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OOP and Console Apps

P: n/a
I'm learning C# via console apps (to avoid getting bogged down in Windows
stuff). I'm wondering how the OO paradigm would work.

Say I'm developing 'classic' menu-driven apps where a menu gives a number of
options, you choose an option and then do something. Traditionally I would
set up a loop - waiting for the Exit option - and, say, create database
records, update them or delete them.

This would make my Main() look a bit 'procedural', I think. Are there any
examples for console apps which implement 'good' OO design?

Thanks
Aug 19 '08 #1
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5 Replies


P: n/a
On Mon, 18 Aug 2008 19:10:08 -0700, Paolo
<Pa***@discussions.microsoft.comwrote:
I'm learning C# via console apps (to avoid getting bogged down in Windows
stuff). I'm wondering how the OO paradigm would work.

Say I'm developing 'classic' menu-driven apps where a menu gives a
number of
options, you choose an option and then do something. Traditionally I
would
set up a loop - waiting for the Exit option - and, say, create database
records, update them or delete them.

This would make my Main() look a bit 'procedural', I think. Are there any
examples for console apps which implement 'good' OO design?
I don't know about examples. But I would say that the question of OOP is
basically orthogonal to the question of user-input paradigm, as well as to
the question of "procedural" or "imperative" versus other ways of
describing the code.

OOP has to do with how the code is structured and related to the data.
You can easily have OOP with or without an event-driven input model.
Conversely, you can implement an event-driven input model with or without
OOP. In fact, event-driven user input -- as part of GUI operating systems
-- has been around a lot longer than OOP has been popular for OS and
application development.

In your "'classic' menu-driven" application, just because you have a loop
waiting for user input and you're dispatching operations based that in an
imperative way, that doesn't mean that the code and data can't be
organized in an object-oriented way. So, if you want to code your program
in an OOP way, I'd say just do that. :) Heck, writing your code in C# I
think you're going to have some significant effort avoiding OOP (but I
can't speak for whether you'll do _good_ OOP or not :) ).

Pete
Aug 19 '08 #2

P: n/a
I concur with Peter's comments. Being procedural does not mean it is less
OOP. OOP is about organizing your code into objects. Most applications are
not procedural simply because they are written to respond to Windows events,
which you are currently avoiding.

Beyond that, I would recomend that you start using the Windows interface.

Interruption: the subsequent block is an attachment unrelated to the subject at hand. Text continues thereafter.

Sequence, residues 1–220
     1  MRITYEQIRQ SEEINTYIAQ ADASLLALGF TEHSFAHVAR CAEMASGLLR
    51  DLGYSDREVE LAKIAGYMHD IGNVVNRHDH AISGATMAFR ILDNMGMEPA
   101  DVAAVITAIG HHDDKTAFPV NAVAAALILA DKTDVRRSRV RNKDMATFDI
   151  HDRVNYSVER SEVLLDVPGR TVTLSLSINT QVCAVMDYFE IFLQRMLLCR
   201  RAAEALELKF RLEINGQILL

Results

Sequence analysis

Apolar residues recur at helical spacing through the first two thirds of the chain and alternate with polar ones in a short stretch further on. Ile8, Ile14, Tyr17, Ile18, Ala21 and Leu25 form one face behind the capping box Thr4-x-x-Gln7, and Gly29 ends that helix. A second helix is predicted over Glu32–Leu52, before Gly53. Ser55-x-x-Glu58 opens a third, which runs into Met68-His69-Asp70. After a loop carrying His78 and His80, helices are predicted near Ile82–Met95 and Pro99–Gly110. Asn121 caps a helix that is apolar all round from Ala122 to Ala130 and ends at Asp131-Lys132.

It's not easy and you need to learn that as well for most application types.
..NET also provides many UI-related objects to help further provide examples
of OOP.

--
Jonathan Wood
SoftCircuits Programming
http://www.softcircuits.com
"Paolo" <Pa***@discussions.microsoft.comwrote in message
news:86**********************************@microsof t.com...
I'm learning C# via console apps (to avoid getting bogged down in Windows
stuff). I'm wondering how the OO paradigm would work.

Say I'm developing 'classic' menu-driven apps where a menu gives a number
of
options, you choose an option and then do something. Traditionally I would
set up a loop - waiting for the Exit option - and, say, create database
records, update them or delete them.

This would make my Main() look a bit 'procedural', I think. Are there any
examples for console apps which implement 'good' OO design?

Thanks
Aug 19 '08 #3

P: n/a
Peter: as you say, with C# I am led down the OOP path. As it happens I have
already started, having developed a ScreenManager class and a Menu class. I
need to spend a bit more time researching/thinking about class(es) to
encapsulate database operations.

"Peter Duniho" wrote:
On Mon, 18 Aug 2008 19:10:08 -0700, Paolo
<Pa***@discussions.microsoft.comwrote:
I'm learning C# via console apps (to avoid getting bogged down in Windows
stuff). I'm wondering how the OO paradigm would work.

Say I'm developing 'classic' menu-driven apps where a menu gives a
number of
options, you choose an option and then do something. Traditionally I
would
set up a loop - waiting for the Exit option - and, say, create database
records, update them or delete them.

This would make my Main() look a bit 'procedural', I think. Are there any
examples for console apps which implement 'good' OO design?